First published in Beaumont Enterprise on Saturday January 22, 2000.
In 1970, while a man was walking in a Sabine River palmetto thicket near Joaquin, Texas, he stumbled upon a tombstone-like object in the ground, which read: “Official Marker, Texas-United States Boundary Commission, 1840.” In May 1840, the cotton steamer Albert Gallatin brought 2 such markers to the Sabine River, one of which was erected at Texas Point at Sabine Pass, and the other which was erected near Joaquin.
When the boundary was surveyed from Joaquin to the Red River north of Texarkana, it was discovered that the correct longitudinal boundary was eight miles farther east than it was generally believed to be, and that one hundred families who thought they lived in Louisiana actually lived in Texas.
The Albert Gallatin had taken half of the boundary commission up the river in April 1840, while the remainder left Huntley (now Orange, Texas) on the same steamboat on May 22nd.
The joint boundary commission consisted of 6 staff members and several subordinates. The United States surveyors, two from the U. S. Army, included Major J. D. Graham, Lieutenant Thomas Lee, and a civilian civil engineer named G. G. Meade. The Texas surveyors included Captain P. J. Pillans, Lieutenant A. B. Gray, and a civilian named Daniel C. Wilbur.
The constant meanders in the stream made the river mileage about double the airline mileage, and the boat had to work its way around many logjams. At the end of each day, the engineers took celestial bearings and recorded them in the commission journal. Fortunately the entire journal was published in the Beaumont Journal of December 24, 1905.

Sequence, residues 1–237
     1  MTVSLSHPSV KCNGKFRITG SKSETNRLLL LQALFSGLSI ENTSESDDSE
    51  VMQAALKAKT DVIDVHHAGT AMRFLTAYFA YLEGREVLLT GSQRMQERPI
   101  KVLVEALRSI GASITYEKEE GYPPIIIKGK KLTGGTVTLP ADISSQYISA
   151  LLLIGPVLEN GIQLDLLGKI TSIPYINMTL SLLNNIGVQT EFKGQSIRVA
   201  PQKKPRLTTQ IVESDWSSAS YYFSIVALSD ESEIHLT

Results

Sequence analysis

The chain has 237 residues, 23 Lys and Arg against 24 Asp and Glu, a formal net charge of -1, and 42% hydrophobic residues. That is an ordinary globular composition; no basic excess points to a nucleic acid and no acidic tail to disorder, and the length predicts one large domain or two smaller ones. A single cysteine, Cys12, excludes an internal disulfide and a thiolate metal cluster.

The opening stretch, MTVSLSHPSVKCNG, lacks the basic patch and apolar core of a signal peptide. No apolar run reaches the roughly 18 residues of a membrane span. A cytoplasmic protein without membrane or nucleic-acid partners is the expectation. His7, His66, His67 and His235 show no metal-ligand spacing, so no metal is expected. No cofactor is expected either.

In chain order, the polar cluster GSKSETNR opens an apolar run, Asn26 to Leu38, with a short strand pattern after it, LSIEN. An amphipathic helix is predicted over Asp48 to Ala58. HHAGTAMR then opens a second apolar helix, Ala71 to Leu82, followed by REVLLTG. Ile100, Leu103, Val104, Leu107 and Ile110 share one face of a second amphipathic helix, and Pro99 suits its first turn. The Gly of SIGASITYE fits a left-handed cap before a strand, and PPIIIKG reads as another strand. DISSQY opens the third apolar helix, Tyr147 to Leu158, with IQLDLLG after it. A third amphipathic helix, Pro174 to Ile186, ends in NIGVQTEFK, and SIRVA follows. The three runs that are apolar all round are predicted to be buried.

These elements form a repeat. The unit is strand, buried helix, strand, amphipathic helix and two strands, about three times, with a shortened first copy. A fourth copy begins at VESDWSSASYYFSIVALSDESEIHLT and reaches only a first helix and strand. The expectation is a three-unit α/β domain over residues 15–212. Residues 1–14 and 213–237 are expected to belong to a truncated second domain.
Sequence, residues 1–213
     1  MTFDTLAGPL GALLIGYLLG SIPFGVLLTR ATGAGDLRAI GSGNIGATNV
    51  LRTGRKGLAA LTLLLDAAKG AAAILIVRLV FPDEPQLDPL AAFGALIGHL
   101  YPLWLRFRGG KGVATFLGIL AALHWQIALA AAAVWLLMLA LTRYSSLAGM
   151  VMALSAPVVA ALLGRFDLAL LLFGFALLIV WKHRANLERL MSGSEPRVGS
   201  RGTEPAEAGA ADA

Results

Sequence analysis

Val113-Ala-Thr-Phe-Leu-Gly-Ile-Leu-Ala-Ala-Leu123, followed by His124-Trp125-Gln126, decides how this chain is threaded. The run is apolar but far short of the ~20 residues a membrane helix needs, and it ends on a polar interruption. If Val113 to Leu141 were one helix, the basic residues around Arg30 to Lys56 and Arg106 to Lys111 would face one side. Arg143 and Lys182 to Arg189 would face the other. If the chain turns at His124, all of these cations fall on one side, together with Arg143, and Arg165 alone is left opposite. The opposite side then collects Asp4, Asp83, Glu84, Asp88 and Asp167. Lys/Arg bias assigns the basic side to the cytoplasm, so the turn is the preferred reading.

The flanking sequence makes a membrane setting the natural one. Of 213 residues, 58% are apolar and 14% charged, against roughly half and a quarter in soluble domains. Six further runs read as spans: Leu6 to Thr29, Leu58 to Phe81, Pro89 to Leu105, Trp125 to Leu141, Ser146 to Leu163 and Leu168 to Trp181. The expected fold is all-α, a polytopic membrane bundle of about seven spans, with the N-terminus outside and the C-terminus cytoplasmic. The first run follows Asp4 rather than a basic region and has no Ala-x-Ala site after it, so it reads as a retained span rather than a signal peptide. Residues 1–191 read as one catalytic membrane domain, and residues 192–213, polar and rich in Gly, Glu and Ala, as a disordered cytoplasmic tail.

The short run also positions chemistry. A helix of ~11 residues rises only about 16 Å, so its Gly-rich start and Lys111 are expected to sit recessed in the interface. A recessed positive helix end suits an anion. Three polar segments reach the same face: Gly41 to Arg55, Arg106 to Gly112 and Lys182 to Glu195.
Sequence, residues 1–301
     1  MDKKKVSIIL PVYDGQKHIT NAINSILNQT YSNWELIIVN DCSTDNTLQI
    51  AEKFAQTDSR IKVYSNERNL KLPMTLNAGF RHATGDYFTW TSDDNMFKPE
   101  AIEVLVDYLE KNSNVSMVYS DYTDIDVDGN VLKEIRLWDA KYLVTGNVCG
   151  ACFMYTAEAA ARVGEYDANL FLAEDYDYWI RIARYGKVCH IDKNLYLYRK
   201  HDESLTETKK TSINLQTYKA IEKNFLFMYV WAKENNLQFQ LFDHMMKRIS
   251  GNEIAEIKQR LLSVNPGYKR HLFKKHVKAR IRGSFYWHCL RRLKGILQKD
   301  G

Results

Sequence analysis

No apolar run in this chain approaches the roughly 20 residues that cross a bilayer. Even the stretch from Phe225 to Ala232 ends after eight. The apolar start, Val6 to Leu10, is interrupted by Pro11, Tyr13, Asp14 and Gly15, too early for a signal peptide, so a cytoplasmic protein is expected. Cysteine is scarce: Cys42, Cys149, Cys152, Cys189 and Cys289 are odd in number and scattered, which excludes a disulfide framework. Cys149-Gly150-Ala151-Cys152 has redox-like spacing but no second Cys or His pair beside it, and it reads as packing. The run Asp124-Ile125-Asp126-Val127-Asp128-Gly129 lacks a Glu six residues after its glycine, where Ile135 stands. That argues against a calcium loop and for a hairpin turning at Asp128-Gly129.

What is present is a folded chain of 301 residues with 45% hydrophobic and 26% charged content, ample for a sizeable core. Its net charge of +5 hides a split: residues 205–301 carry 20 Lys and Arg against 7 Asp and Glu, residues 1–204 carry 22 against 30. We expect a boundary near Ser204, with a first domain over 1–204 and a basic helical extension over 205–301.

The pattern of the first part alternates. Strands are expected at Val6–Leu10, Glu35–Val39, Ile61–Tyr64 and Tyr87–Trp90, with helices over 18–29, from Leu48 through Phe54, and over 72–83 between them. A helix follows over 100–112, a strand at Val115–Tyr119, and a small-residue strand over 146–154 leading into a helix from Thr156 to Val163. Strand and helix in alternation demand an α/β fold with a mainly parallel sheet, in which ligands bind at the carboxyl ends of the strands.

The boundary commission stopped at several river ports to buy supplies, among them Salem, Belgrade, Hamilton, Sabinetown, Pendleton, and Logansport, all of which, except Logansport, are now ghost towns.
Near Salem the Albert Gallatin passed the wreckage of the cotton steamer Rufus Putnam, which had struck a snag and foundered the previous January.
Near Hamilton, the boundary commission observed an unusual sight. For a distance one-quarter mile wide on each side of the river, the huge cypress and long leaf pine trees lay prostrate on the ground, the work of a killer tornado. It was believed to have been the same tornado, which had destroyed Natchez, Mississippi with great loss of life three weeks earlier.
After reaching Joaquin, the commission members erected the northern boundary marker adjacent to the river. Then they continued surveying and taking celestial bearings until they reached a point on Red River north of Texarkana.
Eighteen months later, the steamer Albert Gallatin blew up in Galveston Bay on December 23, 1841, killing 15 persons, while it was racing another steamer. The fireman threw rosiny pine knots into the furnace until it was a cauldron of flames, and the boiler could not withstand the mounting steam pressure.
If the Gallatin had exploded in Sabine River, it might have affected the course of history. While nothing else is known of five members of the commission, Meade, the civilian engineer, had graduated from West Point, but he had resigned his commission to found an engineering firm. In 1842 he re-entered the army, and on July 1, 1863, Major General George Gordon Meade commanded the Army of the Potomac when it fought General Lee and the Confederate Army at Gettysburg, Pennsylvania.